On 06 April the Irish Data Protection Commission (DPC) published updated guidance on cookies and other tracking technologies (the ‘Guidance’)
The Guidance was published together with an accompanying report based on a cookie audit of 38 companies, many household names in Ireland, conducted by the DPC between August and December 2019 (the ‘Report’).
The results of the audit are not positive with the investigation finding the cookie compliance of 35 of the 38 companies to be significantly lacking on the transparency and consent front with the Commissioner concluding that such poor levels of compliance mean ordinary individuals are unaware of the extent and scale to which their activities are tracked online.
According to the Commissioner, the audit, while small in scale, is also indicative of Ireland’s more systematic non-compliance with the cookie rules which will be tackled by the Commissioner through the publication of the new Guidance followed by ‘possible’ enforcement where controllers fail to remediate.
The DPC is allowing controllers six months to bring their properties into compliance.
In what will be old news for most readers, the Guidance reminds controllers that consent for cookies under Article 5(3) of the e-Privacy Directive must meet the standard of consent under GDPR. Many of the requirements in the Guidance stem from this shift in consent standard - broadly aligning with guidelines from other Data Protection Authorities (‘DPAs) across Europe.
Headline points to note include:
In the Guidance, the DPC confirms that continuing to scroll through a website or clicking on a webpage in the ordinary course no longer constitutes unambiguous consent. In doing so, this aligns with the positions in updated cookie guidance in France, Germany and the UK but not, as the DPC acknowledges, with the guidance from the Spanish DPA which suggests there may still be a role for some form of implied consent in Spain.
No nudging: Controllers should not nudge users into taking less privacy friendly options. The ‘Accept Cookies’ button in the cookie banner should not, therefore, be emphasised over the option to ‘Manage Cookies’ or ‘Reject All’ buttons.
On this point, the DPC in allowing an option of a ‘Reject All’ or ‘Manage Cookies’ button is more permissive than ICO’s Updated Cookie Guidance which requires that there must always be a ‘Reject All’ button in the first layer of the banner. This leniency will be welcomed by controllers who heavily rely on targeted online advertising to fund their content, as a mandated ‘Reject All’ button in the first layer of a banner generally has a detrimental impact on cookie consent rates.
Accessibility: Controllers must take accessibility into account when designing interfaces. For example controllers should not use colour schemes that blend with the overall background of the site which can be difficult for users, particularly those with vision impairment, to navigate. The Commissioner recommends testing UXs with users who have vision or reading impairments to ensure that they are as accessible as possible.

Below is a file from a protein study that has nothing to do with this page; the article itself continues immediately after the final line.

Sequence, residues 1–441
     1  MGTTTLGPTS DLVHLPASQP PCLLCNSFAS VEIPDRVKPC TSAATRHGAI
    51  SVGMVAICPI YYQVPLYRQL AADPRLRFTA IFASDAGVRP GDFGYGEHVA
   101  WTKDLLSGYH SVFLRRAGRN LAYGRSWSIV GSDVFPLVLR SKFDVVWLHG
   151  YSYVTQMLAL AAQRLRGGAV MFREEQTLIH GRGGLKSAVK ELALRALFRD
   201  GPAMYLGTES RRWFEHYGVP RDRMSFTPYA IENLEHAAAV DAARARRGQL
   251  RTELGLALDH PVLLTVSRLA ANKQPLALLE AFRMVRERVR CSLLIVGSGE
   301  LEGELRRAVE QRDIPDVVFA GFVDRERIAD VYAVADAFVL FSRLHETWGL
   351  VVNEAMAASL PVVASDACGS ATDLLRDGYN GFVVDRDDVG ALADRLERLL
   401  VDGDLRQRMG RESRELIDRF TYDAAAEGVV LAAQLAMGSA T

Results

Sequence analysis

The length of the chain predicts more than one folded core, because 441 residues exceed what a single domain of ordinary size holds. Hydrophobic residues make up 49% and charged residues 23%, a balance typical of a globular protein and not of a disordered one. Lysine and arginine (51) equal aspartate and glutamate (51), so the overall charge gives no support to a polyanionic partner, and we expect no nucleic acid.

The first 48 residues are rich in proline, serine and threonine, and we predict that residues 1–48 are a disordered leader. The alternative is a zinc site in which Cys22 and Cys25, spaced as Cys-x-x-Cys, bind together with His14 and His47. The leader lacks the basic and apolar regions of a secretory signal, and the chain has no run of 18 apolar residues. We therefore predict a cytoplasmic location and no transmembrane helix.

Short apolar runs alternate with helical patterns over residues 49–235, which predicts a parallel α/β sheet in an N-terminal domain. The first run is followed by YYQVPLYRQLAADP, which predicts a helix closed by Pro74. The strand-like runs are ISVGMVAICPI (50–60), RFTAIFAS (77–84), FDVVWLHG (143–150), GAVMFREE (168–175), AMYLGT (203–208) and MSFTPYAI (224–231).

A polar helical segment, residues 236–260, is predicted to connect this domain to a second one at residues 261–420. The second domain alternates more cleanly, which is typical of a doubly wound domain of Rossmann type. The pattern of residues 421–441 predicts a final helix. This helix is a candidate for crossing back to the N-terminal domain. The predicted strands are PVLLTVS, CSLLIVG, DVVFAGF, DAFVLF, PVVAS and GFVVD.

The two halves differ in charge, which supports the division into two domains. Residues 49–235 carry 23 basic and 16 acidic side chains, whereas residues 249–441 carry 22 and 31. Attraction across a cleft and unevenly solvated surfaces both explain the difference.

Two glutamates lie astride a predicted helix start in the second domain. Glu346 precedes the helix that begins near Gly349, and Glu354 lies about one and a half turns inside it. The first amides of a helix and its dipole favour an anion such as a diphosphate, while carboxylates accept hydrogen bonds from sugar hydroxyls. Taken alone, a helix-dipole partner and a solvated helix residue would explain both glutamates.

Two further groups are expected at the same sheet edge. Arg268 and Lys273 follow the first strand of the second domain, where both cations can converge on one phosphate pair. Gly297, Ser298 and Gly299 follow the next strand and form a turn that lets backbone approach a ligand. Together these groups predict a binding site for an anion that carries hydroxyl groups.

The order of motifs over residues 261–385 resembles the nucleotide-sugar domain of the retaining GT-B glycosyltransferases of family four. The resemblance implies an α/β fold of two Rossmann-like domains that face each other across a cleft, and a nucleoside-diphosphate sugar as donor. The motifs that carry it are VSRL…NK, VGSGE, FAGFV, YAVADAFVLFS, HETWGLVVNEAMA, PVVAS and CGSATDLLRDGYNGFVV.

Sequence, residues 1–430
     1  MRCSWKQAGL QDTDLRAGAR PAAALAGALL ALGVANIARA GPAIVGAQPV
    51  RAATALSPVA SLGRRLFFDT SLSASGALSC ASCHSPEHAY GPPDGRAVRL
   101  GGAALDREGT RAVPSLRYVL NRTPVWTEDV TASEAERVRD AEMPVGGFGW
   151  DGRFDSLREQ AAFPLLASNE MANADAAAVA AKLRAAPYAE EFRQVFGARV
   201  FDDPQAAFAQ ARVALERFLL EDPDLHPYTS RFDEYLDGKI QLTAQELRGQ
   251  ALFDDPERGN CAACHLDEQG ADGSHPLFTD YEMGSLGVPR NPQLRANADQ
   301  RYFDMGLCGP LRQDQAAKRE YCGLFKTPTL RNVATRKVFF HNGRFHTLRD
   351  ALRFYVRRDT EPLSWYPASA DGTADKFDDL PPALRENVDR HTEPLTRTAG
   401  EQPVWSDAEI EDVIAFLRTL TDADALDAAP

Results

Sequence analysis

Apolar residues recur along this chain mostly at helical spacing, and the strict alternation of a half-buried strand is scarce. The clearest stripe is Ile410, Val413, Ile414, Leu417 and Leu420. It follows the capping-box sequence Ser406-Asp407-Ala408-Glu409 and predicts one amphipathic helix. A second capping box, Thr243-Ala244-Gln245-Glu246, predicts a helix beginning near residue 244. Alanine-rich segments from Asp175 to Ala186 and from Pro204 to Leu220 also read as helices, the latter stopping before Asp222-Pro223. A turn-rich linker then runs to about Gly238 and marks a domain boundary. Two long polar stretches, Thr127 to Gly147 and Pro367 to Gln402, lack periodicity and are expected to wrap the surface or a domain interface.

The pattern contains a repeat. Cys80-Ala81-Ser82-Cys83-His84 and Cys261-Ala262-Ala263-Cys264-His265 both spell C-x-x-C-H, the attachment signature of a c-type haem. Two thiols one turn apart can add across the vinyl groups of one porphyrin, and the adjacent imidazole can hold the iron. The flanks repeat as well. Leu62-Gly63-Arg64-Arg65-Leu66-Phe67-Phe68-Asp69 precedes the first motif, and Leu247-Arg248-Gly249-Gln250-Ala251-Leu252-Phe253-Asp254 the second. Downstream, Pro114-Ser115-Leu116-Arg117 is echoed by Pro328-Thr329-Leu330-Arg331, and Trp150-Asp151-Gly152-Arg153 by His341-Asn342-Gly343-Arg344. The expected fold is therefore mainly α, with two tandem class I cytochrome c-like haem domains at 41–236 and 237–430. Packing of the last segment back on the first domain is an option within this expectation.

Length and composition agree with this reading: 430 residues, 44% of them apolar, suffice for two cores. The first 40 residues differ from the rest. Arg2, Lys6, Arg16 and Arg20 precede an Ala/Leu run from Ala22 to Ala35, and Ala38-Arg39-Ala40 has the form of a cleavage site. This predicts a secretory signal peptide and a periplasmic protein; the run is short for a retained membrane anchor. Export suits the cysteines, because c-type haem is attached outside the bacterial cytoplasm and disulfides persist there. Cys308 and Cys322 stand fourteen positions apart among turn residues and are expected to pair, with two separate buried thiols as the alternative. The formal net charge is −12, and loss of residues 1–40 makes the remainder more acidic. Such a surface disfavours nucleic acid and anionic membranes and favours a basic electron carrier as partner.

Consent standard: Pre-ticked boxes which users must deselect to refuse consent, are, no surprises, non-compliant.
10 of the 38 controllers audited by the DPC were using pre-ticked boxes to obtain consent. There were also examples from the audit of pre-checked boxes, where the company failed to honor opt-outs when the user unchecked the box. These issues will ‘be a priority for enforcement’.
In addition, in the audit the majority of companies were bundling consent - i.e. taking an all or nothing approach to cookies - which is not permitted. Instead, controllers must get consent for each purpose for which cookies are used. This does not mean that consent needs to be obtained individually for each cookie, but instead for the purposes for which the cookie is set.
Strictly necessary exemption: While there is an exemption to consent for strictly necessary cookies to provide an online service requested by the user, the exemption is narrow (covering for example user input, load balancing and authentication session cookies). The audit suggests that misuse of the exemption ‘was extremely common’ with companies misunderstanding the scope of what the exemption covers or taking interpretations of the exemption ‘rather more expansive’ than the law provides for.
Analytic Cookies: One of the areas that highlights the current, unhelpful, divergence between European DPAs is the varying treatment of analytic cookies (i.e. cookies used to analyse how users navigate a website or app and how they engage with its content).
According to the DPC analytic cookies do require consent.
However, the Guidance goes on to quote the longstanding view of the Article 29 Working Party that ‘first party analytics cookies are unlikely to create a privacy risk when they are strictly limited to first party aggregated statistical purposes…when used by websites that already provide clear information about such cookies in their privacy policies [and have] adequate privacy safeguards… [including] a user-friendly mechanism to opt-out.’
The Commissioner concurs that first party analytics cookies are potentially low risk and, therefore, are ‘unlikely [to be] a priority for enforcement action by the DPC’.